How We Freed Infant Imfura from the Snare Rope

May 30, 2011

How We Freed Infant Imfura from the Snare Rope

The intervention team with Imfura.Here are some more details about our difficult but finally successful attempt on Sunday May 29 to free infant Imfura from a snare rope that had been attached to his right leg since the previous Tuesday. After the second unsuccessful attempt (see previous blogs), we had decided to rest for a day before hiking to Pablo's group for another attempt.

The dedicated team that tracks Pablo's group reached them very early in the morning and found Imfura and Ishema feeding at the periphery of the group, probably to avoid aggressions. Later, when the intervention team reached the group, it was decided that both mother and infant should be anesthetised.

Pablo's group is the largest gorilla group, so we were a big team as well: 19 people (10 from Karisoke, six from the Rwandan park authority, and four from the Mountain Gorilla Veterinary Project).

After preparing the darts for sedation, the three veterinarians followed the head tracker, Francois Xavier Ndungutse, to where Imfura and Ishema were feeding. Silverback Gicurasi was also nearby, but he seemed to have calmed down after the aggression on tracker Jean Bosco Ntiragenya during the first intervention attempt.

The vets darted Imfura and his mother Ishema. Both gorillas screamed, followed by a loud scream from Gicurasi. However, they did not attack the vets or trackers. Very few other gorillas noticed this and only briefly stopped feeding.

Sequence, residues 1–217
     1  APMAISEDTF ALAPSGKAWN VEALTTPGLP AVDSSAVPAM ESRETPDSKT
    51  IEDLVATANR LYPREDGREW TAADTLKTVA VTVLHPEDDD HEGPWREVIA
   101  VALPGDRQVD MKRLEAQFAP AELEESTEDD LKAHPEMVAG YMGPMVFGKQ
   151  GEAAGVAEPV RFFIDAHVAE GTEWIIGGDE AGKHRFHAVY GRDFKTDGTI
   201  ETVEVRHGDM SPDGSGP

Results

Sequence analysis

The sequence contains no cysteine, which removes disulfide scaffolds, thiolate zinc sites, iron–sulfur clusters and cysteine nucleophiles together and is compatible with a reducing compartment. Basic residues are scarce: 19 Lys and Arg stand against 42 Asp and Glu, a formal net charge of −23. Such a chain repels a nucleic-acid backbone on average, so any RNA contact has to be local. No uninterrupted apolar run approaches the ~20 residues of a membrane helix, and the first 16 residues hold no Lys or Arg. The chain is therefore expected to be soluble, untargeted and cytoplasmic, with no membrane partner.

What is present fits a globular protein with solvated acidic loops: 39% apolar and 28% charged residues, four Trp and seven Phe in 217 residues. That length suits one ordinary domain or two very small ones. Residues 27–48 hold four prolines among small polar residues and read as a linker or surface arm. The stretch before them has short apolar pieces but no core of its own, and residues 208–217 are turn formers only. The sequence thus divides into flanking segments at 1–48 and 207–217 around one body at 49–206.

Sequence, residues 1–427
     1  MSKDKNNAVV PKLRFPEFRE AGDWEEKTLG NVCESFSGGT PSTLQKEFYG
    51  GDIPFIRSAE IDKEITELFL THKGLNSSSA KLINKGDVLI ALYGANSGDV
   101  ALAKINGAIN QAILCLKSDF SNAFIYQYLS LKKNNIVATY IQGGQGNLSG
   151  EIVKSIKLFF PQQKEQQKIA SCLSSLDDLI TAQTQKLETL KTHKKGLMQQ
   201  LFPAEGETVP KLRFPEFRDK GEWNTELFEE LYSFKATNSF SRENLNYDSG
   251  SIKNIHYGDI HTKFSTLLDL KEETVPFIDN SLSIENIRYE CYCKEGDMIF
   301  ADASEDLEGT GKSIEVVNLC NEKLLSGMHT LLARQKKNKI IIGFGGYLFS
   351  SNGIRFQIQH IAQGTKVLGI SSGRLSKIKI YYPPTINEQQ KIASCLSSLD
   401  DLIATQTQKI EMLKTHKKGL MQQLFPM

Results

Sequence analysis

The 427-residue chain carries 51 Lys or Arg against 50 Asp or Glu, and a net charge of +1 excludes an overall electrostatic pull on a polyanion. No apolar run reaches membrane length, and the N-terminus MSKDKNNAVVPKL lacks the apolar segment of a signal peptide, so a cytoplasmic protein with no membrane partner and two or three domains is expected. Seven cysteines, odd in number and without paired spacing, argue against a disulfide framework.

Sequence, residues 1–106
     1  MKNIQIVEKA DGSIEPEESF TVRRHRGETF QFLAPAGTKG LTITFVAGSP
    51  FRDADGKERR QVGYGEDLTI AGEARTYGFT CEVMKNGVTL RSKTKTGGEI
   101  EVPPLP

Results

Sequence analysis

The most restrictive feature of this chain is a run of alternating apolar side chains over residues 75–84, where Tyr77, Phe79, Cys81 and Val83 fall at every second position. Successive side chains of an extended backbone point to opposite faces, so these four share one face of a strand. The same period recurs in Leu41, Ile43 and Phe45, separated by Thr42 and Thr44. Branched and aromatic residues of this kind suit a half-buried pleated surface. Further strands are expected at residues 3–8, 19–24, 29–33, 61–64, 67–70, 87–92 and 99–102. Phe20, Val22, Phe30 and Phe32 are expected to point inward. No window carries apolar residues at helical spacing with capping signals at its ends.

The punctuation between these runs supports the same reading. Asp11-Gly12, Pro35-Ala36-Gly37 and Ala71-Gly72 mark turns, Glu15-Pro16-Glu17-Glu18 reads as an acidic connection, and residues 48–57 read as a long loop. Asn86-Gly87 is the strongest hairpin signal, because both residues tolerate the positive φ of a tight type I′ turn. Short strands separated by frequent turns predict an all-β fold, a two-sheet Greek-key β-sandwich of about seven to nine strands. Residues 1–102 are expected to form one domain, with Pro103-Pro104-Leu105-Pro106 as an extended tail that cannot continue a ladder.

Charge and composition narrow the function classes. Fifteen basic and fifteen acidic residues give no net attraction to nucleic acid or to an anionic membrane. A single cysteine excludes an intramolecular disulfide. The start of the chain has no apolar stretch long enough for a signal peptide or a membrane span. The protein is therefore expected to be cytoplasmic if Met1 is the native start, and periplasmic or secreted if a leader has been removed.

A few minutes later, as the anaesthetic was taking effect, the first team moved in and formed a protective belt around the two gorillas and the vets. Finally, the rope was removed from Imfura's thigh and everybody let out a sigh of relief. The rope did not seem to have caused any major problems to the leg. The vet took various samples for later analysis to check the health status of the two gorillas. Ishema's ear was bleeding from a fresh wound, which she appeared to have sustained in the morning protecting her infant.

Once both gorillas were awake and Ishema was able to move, with Imfura close to her, we decided to leave and allow the trackers to continue monitoring them. The trackers later reported that Ishema and Imfura were rejoined by some individuals from the group and that they were seen feeding but showed some signs of weakness

As we walked back, everybody was tired but satisfied with the great job they had accomplished. See our News page for more photos and full story, coming soon.